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NEWS
February 16, 2012
Thank you Marta Mossburg for having the courage to state the obvious ("A failure of values, not economics," Feb. 15). The idea that values are a significant factor in personal achievement has been sneered at by the left for over 30 years. As Ms. Mossburg points out, the facts clearly show otherwise. Unfortunately, I don't believe the current administration in Annapolis is capable of addressing the real problems in the achievement gap. That would be too difficult. It's so much easier to throw money at the problem (other people's money, I might add)
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NEWS
Carrie Wells, The Baltimore Sun | September 4, 2014
University System of Maryland schools have had mixed success in improving the graduation rates of minority and low-income students, according to an annual progress report released this week. Some colleges, including the University of Maryland, College Park and the University of Maryland, Baltimore County, have been able to boost minority and low-income achievement. But at other schools, the gaps between those students and middle-class whites have increased in recent years. "I was shocked to see the numbers," said Frank M. Reid III, a university system regent and pastor of Bethel African Methodist Episcopal Church in Baltimore.
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NEWS
By Liz Bowie | July 9, 2013
Getting children ready to read and do math has usually begun in pre-school, but there's a new idea that perhaps it should start in the womb. Sara Neufeld, a former Baltimore Sun education reporter, has written about one such attempt in Chicago to empower mothers with information to make good decisions about their children's futures. Her story in The Atlantic  looks at attempts to arm young mothers with a host of knowledge and skills that allows them to better nurture and advocate for their children.
NEWS
By Joe Burris, The Baltimore Sun | August 21, 2014
Anthony Alston was appointed by Anne Arundel County Public Schools to address achievement gaps among student groups. But the executive director of the system's new Office of Equity and Accelerated Student Achievement is also well aware of gaps that exist between the school system and some Anne Arundel communities. Alston discovered some of those gaps in early June, when then-interim Superintendent Mamie Perkins created the office to monitor achievement and report to the deputy superintendent.
NEWS
By Liz Bowie and By Liz Bowie | March 4, 2014
Maryland Democratic gubernatorial candidate Lt. Gov. Anthony G.  Brown pledged Tuesday to adopt a variety of new educational initiatives that take aim at reducing the achievement gap by extending support to struggling families. The new Brown proposals include placing Latino liaisons in schools that have a large Hispanic population, training teachers to better understand students from diverse cultural backgrounds and expanding the school breakfast program. Several items on the list are initiatives that he has unveiled previously, such as expanding pre-kindergarten and building better school facilities for career and technology education.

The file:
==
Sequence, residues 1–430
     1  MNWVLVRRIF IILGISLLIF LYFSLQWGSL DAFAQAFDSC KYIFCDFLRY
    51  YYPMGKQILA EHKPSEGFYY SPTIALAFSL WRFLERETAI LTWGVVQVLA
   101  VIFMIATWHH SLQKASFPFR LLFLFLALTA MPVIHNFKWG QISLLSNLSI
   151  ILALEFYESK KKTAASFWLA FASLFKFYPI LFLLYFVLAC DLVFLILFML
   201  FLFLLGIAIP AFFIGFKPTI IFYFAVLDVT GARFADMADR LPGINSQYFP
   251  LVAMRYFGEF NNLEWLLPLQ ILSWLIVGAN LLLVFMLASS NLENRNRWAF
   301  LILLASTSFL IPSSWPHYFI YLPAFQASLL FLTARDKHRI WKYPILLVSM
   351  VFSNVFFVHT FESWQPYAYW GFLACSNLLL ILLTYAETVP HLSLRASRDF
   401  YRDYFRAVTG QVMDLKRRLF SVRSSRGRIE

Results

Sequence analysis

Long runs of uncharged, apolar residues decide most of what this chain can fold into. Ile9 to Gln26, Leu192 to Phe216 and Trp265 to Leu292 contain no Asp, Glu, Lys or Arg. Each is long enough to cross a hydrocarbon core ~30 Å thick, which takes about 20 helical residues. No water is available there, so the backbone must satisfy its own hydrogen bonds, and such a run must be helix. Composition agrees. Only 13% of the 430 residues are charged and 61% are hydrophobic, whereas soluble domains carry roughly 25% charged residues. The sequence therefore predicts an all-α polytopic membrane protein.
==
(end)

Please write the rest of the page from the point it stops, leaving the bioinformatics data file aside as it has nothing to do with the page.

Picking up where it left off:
NEWS
February 13, 2012
For the fourth year in a row, Maryland students have topped the nation in the proportion of high school graduates who successfully passed the rigorous Advanced Placement exams, leaping even further ahead of other top states. Twenty-nine percent of last year's class passed at least one AP test, compared to the national average of 18 percent. Maryland's pass rate is double what it was a decade ago. The results suggest that the state's commitment to investing in education over recent years is paying off in bumper crops of students with the kind of advanced, high-level academic skills the state will need to compete successfully in a 21 s t -century knowledge-based global economy, and that's all to the good.
NEWS
By Nicole Fuller, The Baltimore Sun | October 7, 2010
The Anne Arundel County branch of the NAACP has asked the County Council to put pressure on the county school system, in hopes of accelerating an agreement to close the achievement gap between white and black students. Jacqueline Allsup, president of the county National Association for the Advancement of Colored People, said in testimony before the council Monday that while the school system is "moving in the right direction" progress is coming "way too slowly. " Allsup said the school system should concentrate its efforts on elementary school education.
NEWS
By Joe Pettit | February 22, 2012
Imagine a report that reached the following three conclusions: In Maryland, 35 percent of males passed Advanced Placement exams, but only 8 percent of females passed them; 70 percent of males who took the AP exams could pass them, but only 28 percent of females could; and nationally, an estimated 79 percent of females who could succeed in AP courses were not even being offered them. The outcry over such differences by gender in achievement and access to AP tests would result in a massive public outcry over obvious systemic failures to educate males and females equally.
NEWS
June 2, 2011
Here we go again: Haven't these Move to Opportunity programs destroyed enough neighborhoods ("Closing Baltimore's achievement gap with housing policy," May 30)? It's a crime what the politicians did to Dundalk, Essex and the Patterson Park area, to name just a few. If you are so for this movement of people, move them into your neighborhoods, and those of the judges, lawyers and politicians who approve of this. Stop pushing them on working people. Martin, Fallston
NEWS
May 30, 2011